Sports Day at Seika Junior High School
Children at Seika Junior High are pretty lucky kids! The school semester started about a month ago and already the school has a week long Fall break. Wow, we never had a Fall break where I went to school in the US. Even better than that, they had Sports Day at the school, where the kids can play all sorts of different sports. Unfortunately it was pouring rain today so all the outdoor sports activities including kickball and tennis had to be canceled. But there was no lack of fun to be had inside. When I first showed up the kids were playing Ping-Pong and badminton. I myself play a little Ping-Pong, but these kids were way better than me. Maybe that’s because they are shorter and therefore closer to the table with a better eye on the ball?! No, these kids are just well practiced and intense.
Then they took down all the Ping-Pong tables and badminton nets and set up a soft volleyball tournament. You may be wondering what “soft” volleyball is right? I was wondering too, basically it is exactly the same as regular volleyball except the ball is bigger and softer. Its almost like a beach ball made of soft rubber. It is easier to hit and seems to float more than a regular ball. Along with the kids a lot of the teachers and some parents had come to play and they set up teams to play against the kids.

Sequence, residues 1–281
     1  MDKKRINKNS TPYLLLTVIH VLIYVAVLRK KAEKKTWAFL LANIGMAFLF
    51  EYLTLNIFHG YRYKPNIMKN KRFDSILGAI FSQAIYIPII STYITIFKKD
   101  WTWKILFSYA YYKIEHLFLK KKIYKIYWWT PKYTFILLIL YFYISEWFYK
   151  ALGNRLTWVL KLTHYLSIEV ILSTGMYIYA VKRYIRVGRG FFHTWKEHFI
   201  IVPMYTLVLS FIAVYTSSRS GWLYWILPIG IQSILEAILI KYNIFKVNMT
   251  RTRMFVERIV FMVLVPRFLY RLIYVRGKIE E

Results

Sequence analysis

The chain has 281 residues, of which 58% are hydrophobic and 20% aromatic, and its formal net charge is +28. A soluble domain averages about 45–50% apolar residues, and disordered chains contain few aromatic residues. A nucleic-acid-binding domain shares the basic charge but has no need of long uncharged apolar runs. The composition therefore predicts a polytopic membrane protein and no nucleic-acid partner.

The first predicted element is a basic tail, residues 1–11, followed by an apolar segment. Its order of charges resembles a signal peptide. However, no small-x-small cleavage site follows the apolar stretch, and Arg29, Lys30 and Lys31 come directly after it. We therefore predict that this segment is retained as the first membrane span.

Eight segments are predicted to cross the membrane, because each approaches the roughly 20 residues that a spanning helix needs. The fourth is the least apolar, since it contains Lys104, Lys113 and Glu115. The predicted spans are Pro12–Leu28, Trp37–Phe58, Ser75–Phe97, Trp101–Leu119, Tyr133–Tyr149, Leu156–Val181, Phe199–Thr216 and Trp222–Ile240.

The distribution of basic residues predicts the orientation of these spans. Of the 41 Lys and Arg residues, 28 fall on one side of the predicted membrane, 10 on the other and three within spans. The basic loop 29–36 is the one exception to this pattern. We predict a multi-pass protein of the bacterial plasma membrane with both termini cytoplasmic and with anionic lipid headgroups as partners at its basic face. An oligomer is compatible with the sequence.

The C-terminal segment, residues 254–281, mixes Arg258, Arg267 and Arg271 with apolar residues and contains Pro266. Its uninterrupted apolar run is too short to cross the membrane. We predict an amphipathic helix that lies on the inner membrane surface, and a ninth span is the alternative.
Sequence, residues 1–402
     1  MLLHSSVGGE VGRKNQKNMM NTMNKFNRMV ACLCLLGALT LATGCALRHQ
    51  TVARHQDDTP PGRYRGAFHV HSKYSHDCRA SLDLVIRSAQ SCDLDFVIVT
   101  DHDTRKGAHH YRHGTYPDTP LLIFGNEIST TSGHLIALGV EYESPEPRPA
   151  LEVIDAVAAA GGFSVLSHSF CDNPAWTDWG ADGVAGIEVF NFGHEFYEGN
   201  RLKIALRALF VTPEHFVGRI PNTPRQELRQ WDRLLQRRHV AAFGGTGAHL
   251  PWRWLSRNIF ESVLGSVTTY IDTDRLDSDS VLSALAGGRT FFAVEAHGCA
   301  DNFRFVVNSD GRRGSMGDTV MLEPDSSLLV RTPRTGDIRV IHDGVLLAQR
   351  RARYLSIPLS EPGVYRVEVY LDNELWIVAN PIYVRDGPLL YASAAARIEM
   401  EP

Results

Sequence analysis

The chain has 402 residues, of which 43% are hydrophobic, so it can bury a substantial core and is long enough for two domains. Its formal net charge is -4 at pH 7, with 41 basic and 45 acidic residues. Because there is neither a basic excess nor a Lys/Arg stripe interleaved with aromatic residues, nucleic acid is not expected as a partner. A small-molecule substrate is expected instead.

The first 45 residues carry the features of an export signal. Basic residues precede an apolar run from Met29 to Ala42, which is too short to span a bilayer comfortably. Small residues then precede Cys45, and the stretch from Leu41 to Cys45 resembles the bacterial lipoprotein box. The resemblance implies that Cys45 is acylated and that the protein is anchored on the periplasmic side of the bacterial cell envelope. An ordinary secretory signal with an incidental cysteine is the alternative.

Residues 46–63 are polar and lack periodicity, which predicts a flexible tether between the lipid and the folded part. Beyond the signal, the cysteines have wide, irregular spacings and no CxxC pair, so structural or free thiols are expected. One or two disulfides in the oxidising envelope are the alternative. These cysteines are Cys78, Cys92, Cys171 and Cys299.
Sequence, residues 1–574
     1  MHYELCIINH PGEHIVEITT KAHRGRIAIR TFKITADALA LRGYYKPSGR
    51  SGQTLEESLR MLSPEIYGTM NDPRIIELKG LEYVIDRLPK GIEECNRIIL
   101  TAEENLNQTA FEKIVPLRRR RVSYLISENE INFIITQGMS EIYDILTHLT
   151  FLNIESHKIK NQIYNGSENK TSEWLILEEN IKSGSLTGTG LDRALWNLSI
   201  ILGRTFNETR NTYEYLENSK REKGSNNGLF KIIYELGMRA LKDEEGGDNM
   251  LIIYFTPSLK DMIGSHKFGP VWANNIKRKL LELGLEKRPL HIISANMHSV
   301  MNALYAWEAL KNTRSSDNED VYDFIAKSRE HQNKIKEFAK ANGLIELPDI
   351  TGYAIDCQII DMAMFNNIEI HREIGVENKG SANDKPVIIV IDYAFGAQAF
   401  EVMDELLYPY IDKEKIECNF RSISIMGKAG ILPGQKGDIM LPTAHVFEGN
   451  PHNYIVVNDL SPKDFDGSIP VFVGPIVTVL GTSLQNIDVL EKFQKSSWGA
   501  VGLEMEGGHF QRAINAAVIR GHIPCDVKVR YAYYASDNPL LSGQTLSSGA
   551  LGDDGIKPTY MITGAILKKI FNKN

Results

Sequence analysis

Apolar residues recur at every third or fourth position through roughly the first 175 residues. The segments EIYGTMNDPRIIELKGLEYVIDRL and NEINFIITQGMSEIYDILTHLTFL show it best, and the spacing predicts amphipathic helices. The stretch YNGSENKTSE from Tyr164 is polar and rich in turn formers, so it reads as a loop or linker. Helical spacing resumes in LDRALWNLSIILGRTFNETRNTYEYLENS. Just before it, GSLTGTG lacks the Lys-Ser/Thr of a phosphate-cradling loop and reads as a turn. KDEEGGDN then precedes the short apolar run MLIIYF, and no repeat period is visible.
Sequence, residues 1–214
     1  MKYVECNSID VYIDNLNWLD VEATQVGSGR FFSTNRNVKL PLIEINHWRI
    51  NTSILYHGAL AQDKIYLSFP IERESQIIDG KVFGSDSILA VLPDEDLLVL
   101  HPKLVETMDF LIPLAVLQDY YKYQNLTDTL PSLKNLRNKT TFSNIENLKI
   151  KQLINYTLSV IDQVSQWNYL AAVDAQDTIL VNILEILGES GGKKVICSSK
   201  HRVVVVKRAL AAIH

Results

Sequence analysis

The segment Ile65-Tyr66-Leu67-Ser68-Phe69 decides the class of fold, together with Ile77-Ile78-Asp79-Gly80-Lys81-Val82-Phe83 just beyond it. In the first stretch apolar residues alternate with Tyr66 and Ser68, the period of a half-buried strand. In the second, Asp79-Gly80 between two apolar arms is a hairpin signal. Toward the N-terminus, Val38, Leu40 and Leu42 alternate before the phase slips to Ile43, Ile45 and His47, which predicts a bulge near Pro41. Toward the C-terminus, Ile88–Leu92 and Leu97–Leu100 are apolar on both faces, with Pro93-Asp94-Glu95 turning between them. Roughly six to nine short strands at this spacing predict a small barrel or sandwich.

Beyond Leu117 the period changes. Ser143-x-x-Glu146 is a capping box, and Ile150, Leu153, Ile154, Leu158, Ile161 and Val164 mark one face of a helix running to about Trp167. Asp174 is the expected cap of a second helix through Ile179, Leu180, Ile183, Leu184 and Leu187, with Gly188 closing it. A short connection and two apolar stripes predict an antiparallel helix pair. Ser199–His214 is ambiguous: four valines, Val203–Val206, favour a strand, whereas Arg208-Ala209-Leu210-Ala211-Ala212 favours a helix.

On a dark rainy day like today having a sports day at the school seemed like the perfect thing to do. It seemed like a lot of fun for the kids and the grown-ups as well. No doubt this was not just set up for the kids to play and have fun. Sports of all types are very popular in Japan and seem to play an important function in society teaching kids teamwork, the value of practice, and the ever present importance of hard work and perseverance. There is a very pervasive phrase in Japanese, “Ganbatte!” It roughly translates as “Do your best!” or “Give it your all!” If you ever go to any sporting event you will hear “Ganbatte” or some of its other forms as reminders for everyone to do their best, and to encourage everyone. But this doesn’t apply to just sports, at work or even when out with friends Japanese people are constantly encouraging others to do their best and persevere. Sports Day at Seika Junior High was great fun for everyone but also a good lesson in the value of perseverance for the kids.